The boss of the fast growing snacks etailer Graze says that retailers can learn from its agile delivery business and how it uses data.
You may not have heard of Graze, but might have seen their slim cardboard boxes that are stacked on office desks up and down the country.
The snackboxes, filled with healthy snacks based on customers likes and dislikes, were specifically designed to fit through letterboxes and over the past six years Graze has grown from a start-up to a 500-employee business with its own factory and has launched in the US.
It reported annual turnover of more than £50m in 2013 and chief executive Antony Fletcher puts its rapid success down to its agile attitudes and start-up mentality.
1. Use data to learn what your customer likes and doesn’t
The founding team of Graze came from LoveFilm – one of the businesses that redefined film rental in the early 2000s. LoveFilm used data to keep its DVD library up to date and provide appropriate suggestions for customers, and the team has taken that idea to the snacks world.
“Data is one of the reasons Graze is successful,” Fletcher says. “It uses data to improve the product, service and business.”
In fact, Fletcher said the data analytics company Tableau told Graze that the only other company it had seen use data to the same effect was Facebook.
“Technology can help you win all wars,” he says. “It’s by far the most consistent and largest disruptive force in business.
Graze receives 15,000 customer ratings on its snacks per hour. And Graze encourages these ratings so it can use the data to make its products better.
When Graze launched in the US it received a sudden influx of data that it crunched in order to understand its new consumers.
“This wall of data came in from America and you thought ‘what do I need to change?’” he says. “What products do they like for the health reasons, what taste profiles do they need, do they likes things sweet or savoury?”
“If you are a seller of mango chutney, beware going to America – they really don’t like it,” adds Fletcher.
Because it manufactures its own snacks Graze can be agile. “Your new product development process is incredibly fast and iterative – if the Americans don’t like it we don’t make it again,” says Fletcher
“You can be creative and take chances – put it out there if it works great,” he says. “It’s like Zara’s supply chain – it’s about smelling out what works.”
2. Use data to smell out trends
Fletcher says many retailers leverage the long-tail approach where they stock lots of products.
“But it’s about the long nose, and how can you smell out what the next trend is and then respond to it quickly, it’s a very different way of competing in my mind and I think it’s the future for a lot of retail brands.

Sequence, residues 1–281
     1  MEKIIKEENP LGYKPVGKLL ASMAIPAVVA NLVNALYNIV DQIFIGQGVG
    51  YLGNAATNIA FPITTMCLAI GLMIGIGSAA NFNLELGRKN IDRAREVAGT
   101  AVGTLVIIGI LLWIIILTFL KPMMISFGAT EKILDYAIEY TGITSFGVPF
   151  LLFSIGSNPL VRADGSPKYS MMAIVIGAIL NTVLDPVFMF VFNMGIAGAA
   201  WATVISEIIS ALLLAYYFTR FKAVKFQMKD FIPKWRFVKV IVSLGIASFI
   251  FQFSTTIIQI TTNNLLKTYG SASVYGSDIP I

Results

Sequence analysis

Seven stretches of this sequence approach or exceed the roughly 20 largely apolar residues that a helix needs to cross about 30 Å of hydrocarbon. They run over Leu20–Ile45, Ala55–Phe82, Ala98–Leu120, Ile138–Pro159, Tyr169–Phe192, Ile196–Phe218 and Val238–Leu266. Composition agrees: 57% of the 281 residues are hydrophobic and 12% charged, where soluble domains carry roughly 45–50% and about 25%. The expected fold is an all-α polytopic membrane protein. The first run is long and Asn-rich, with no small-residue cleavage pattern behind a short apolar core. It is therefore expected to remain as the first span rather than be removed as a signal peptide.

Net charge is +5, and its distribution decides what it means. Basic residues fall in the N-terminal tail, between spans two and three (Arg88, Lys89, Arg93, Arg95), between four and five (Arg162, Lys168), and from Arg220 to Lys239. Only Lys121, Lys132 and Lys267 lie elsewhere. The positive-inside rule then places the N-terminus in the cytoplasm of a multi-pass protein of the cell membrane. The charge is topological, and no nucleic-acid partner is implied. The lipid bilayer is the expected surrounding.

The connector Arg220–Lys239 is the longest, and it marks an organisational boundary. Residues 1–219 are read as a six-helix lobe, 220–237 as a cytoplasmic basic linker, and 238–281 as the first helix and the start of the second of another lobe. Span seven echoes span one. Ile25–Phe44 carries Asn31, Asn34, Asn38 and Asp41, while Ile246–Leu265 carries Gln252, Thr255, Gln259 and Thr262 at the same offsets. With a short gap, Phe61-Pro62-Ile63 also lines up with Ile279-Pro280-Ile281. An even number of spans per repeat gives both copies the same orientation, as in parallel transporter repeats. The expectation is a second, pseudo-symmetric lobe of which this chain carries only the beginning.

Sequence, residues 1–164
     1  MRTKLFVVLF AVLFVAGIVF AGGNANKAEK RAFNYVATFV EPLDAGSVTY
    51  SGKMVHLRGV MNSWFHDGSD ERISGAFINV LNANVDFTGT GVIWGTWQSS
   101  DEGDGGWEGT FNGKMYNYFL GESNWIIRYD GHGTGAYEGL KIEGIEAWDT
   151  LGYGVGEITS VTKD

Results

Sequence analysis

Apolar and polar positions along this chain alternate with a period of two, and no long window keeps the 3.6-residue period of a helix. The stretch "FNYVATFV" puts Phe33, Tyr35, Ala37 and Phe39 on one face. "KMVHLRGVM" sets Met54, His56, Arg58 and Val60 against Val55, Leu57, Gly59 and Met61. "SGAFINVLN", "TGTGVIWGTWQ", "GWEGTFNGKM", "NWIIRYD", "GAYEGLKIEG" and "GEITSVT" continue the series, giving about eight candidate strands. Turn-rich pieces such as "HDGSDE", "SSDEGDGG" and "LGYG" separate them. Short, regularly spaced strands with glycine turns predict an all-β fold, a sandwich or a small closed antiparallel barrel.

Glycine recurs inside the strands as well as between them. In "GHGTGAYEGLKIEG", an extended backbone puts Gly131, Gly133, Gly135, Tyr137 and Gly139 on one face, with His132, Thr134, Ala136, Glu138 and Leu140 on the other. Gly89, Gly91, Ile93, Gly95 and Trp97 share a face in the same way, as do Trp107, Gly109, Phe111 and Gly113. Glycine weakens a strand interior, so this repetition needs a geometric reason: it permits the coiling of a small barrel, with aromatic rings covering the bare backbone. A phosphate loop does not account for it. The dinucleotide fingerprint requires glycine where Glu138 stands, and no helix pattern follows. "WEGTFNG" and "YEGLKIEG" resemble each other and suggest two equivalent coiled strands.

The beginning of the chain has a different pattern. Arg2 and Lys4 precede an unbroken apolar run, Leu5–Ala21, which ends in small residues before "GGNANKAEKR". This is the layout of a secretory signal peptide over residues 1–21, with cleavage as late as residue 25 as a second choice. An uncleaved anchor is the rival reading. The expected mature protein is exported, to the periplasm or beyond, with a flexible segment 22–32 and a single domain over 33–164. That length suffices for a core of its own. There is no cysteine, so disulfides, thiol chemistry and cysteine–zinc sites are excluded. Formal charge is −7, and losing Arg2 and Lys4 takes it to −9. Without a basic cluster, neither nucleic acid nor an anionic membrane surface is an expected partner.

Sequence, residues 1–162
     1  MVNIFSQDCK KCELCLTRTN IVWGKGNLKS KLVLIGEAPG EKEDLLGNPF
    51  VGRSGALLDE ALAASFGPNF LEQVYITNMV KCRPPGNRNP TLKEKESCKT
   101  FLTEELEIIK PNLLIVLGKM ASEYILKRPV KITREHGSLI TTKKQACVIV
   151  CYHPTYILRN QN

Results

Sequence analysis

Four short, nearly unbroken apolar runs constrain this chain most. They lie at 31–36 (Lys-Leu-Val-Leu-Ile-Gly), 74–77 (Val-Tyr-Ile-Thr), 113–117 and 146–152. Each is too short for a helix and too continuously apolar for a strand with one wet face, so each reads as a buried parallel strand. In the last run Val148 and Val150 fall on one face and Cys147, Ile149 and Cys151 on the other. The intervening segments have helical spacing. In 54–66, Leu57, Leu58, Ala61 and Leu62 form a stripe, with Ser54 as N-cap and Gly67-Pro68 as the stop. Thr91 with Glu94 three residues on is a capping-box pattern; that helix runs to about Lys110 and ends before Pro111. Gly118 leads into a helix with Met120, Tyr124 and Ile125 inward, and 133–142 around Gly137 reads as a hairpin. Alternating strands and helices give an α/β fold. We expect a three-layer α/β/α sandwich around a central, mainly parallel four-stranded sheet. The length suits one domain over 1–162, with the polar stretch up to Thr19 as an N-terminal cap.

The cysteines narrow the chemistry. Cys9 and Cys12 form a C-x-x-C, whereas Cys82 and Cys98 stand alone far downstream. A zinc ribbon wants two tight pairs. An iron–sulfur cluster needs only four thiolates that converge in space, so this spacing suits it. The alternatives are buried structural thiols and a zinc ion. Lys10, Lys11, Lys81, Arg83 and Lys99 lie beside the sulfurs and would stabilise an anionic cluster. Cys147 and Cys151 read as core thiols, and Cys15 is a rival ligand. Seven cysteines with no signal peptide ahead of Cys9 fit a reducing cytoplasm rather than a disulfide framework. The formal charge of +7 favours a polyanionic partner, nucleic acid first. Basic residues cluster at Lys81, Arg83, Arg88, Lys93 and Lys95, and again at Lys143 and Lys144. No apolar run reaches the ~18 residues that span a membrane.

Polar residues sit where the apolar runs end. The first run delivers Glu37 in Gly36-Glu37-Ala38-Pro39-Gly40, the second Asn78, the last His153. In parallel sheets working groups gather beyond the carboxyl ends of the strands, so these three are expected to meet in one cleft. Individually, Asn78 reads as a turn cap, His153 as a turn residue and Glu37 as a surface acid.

“How clever is Tesco at working out what’s going to sell well, but how often do they actually change their snack aisle? I think once every 18 months,” he says.
He pointed to how Graze is using data to hunt out food trends that are moving across continents. For instance, protein is bigger in America and is starting to gain interest in the UK, but Fletcher says he could trace when the trend entered America’s healthy living circuits and how it travelled through celebrities and crossed the globe.
3. Train your data scientists
Graze has 500 employees in the UK and US, spanning head office and factory roles. It also has a team of 10 scientists.
But the UK is facing a severe shortage of skilled workers in data and IT, so Graze has hired university graduates and trained them in-house.
Fletcher says he likes to hire maths and sciences graduates and train them to be experts in data, rather than hiring graduates with data science degrees.
“They come to Graze because they want to tackle complex data issues in a controlled environment, and learn to be data scientists. There aren’t actually that many data scientists, it’s just becoming a buzz word for a job.”
Fletcher says the Graze head office in Richmond is much more relaxed than a corporate company, and his staff like to come to work wearing flip flops, but more seriously he feels Graze attracts its talent by providing them with more engaging problems to solve.
“America alone is interesting, where different parts of the country like difference snacks – it’s engaging,” he adds. “It’s real, it’s alive, and it’s quite difficult problems.”
But in order to become an agile business with the ability to use data to quickly make changes to a business, Fletcher says companies need to break away from legacy IT systems that are weighing them down.
“The other problem they need to solve is that all the experts to do this are distributed outside the organisation – they need to consolidate them. For instance, if you’re trying to coordinate divisions of Tesco, where Clubcard is one side of London, Tesco bank is over there and head of development elsewhere.”